Several shipping companies have had to pack it in while the remaining ones are struggling in a vicious operating landscape that has claimed some high-profile casualties on the international stage such as Korean container giant Hanjin and Singapore-based Swiber.
Shipowners are uncertain how much longer the current downturn in the shipping industry will continue and if they can survive.
In their moment of need, they are hoping the Government could provide some kind of assistance. Some within the industry have suggested the establishment of a fund similar to Danamodal to provide a financial lifeline to shipping companies that are in dire straits to ensure their survival. This was mooted on grounds that Malaysia could not afford to see the further depletion of its national shipping tonnage as seen in the past few years. This was caused mainly by the MISC, Malaysia’s largest shipping company, discontinuing its container trade in 2012, the closure of several local companies and fleet reduction exercise by the surviving ones.
Continued dependence on foreign shipping services would further erode Malaysia’s balance of payment and cause foreign exchange outflow, and would put the nation’s maritime interests in a vulnerable position.
While this may be appealing from the point of view of maintaining national shipping tonnage and preventing the country from slipping further in the international shipping industry stakes, the idea of using public funds to save private entities should be carried out very judiciously.
Although there could well be a compelling case for the Government to step in to protect certain strategic industries such as shipping through policy intervention, such action should not upset the natural equilibrium of market forces and should not protect inefficient shipping companies.
While short-term measures are needed to assist local shipping companies to weather the turbulence, a long-term, strategic approach to develop and boost the growth of the industry should also be in place.
In this regard, the announcement by Transport Minister Datuk Seri Liow Tiong Lai of the impending launch of a Malaysian Shipping Master Plan (MSMP) that provides a roadmap for the growth and development of the industry should be welcomed. The objective of the master plan is to revitalise the shipping industry and maritime sector in Malaysia through structured strategies which include focusing on specific market targets for our shipping companies to penetrate and capitalise on, namely in global energy shipping, intra-Asean trade shipping and the current domestic shipping market.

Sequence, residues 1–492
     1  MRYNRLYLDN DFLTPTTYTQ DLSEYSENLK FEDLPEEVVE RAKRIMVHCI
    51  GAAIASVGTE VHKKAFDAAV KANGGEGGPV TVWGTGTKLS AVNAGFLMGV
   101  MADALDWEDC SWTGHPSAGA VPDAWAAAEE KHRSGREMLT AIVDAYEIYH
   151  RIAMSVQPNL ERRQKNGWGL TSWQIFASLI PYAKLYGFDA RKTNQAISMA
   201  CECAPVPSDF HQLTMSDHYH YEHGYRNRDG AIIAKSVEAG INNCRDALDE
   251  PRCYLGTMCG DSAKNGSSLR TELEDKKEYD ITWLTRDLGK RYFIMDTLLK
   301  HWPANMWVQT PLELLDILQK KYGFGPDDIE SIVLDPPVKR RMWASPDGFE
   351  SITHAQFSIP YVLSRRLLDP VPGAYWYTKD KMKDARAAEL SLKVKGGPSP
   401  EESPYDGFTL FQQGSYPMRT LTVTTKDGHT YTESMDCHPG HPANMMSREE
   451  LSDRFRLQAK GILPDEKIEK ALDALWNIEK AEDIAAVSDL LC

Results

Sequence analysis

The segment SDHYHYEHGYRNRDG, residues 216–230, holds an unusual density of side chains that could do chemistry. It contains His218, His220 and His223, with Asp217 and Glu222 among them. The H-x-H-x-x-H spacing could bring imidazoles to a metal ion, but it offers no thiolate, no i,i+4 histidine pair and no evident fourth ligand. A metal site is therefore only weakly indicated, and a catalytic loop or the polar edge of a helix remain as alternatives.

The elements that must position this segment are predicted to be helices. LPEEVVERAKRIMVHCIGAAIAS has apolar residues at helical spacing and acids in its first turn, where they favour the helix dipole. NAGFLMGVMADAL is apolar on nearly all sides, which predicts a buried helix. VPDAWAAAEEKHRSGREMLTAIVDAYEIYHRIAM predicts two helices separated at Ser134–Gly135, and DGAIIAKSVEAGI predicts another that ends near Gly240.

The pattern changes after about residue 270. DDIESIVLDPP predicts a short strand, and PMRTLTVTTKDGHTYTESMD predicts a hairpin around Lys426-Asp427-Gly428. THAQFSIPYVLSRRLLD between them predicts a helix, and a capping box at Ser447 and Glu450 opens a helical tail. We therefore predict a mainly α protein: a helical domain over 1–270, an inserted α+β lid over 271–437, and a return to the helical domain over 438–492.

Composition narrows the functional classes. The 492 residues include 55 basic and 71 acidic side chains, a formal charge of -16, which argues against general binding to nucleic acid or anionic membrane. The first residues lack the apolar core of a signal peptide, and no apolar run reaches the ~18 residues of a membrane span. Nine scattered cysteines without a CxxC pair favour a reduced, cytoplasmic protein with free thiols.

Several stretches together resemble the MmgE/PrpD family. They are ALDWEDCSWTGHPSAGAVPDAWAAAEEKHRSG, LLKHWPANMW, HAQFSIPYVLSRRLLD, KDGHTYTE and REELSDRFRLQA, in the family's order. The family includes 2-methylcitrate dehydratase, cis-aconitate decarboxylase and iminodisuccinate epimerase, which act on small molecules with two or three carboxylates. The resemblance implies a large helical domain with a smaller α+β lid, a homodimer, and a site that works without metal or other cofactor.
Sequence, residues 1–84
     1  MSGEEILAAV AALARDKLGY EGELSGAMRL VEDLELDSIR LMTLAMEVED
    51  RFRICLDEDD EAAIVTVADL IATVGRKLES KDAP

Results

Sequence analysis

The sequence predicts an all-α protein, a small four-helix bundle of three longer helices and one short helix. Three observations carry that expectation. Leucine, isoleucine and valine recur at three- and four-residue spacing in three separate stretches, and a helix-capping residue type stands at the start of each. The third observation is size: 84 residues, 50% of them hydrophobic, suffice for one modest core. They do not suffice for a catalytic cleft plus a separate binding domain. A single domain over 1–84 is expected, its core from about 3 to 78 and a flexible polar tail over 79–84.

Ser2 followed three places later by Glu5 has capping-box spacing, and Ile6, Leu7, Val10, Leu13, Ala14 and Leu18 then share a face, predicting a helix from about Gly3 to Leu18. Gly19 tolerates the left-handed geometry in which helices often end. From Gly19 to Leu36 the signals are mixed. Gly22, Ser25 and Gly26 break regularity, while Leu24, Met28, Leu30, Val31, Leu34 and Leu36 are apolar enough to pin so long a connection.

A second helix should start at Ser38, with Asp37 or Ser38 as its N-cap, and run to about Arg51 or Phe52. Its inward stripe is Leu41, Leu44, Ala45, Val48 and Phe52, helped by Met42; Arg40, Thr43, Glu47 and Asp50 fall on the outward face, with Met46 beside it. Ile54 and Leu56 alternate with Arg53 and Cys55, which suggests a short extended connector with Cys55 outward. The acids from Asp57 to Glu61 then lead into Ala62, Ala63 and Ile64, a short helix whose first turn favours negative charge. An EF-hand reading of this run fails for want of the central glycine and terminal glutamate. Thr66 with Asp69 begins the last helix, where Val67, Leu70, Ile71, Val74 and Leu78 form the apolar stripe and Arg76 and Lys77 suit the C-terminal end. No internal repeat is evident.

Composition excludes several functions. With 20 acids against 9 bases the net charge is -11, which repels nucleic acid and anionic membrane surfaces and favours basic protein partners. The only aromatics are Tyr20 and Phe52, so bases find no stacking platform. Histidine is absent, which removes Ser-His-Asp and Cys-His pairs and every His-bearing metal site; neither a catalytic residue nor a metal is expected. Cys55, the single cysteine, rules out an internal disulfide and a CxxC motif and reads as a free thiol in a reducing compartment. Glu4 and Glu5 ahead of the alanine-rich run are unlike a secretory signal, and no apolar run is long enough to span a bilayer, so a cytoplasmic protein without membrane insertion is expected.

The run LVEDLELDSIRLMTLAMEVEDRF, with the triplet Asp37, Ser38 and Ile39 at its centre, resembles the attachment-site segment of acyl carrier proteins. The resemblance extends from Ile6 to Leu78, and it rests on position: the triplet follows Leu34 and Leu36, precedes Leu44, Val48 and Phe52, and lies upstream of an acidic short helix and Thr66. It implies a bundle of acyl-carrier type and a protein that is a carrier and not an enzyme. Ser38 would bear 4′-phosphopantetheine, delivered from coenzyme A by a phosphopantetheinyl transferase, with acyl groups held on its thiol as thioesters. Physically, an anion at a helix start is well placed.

In undertaking the plan, the MSMP will be aligned with other national plans and agendas including the Shipbuilding and Ship Repair Master Plan jointly formulated by the Association of Marine Industries of Malaysia (Amim) and the Malaysia Industry-Government Group for High Technology (MIGHT) and the study of Malaysia’s port sector led by the Economic Planning Unit (EPU).
Shipping has what it takes to support the national aspiration of generating high income, value-adding activities to realise the objective of the New Economic Model (NEM).
As we celebrate World Maritime Day 2016, stakeholders in the shipping industry must take stock of where the industry has ventured, where it is anchored and where it is setting sail towards. Malaysia has what it takes to become a global player in shipping, as MISC has proven by sailing the Jalur Gemilang proudly in the energy shipping trade.
However, Malaysia needs to leverage on its many advantages such as strategic location along busy shipping routes and in a populous, economically vibrant region; good port and trade infrastructures; abundance of natural resources; trade-oriented economy; and business- and trade-oriented policies to enhance the contribution of the shipping industry to its economy.
Majulah industri perkapalan untuk negara!
Association of Marine Industries of Malaysia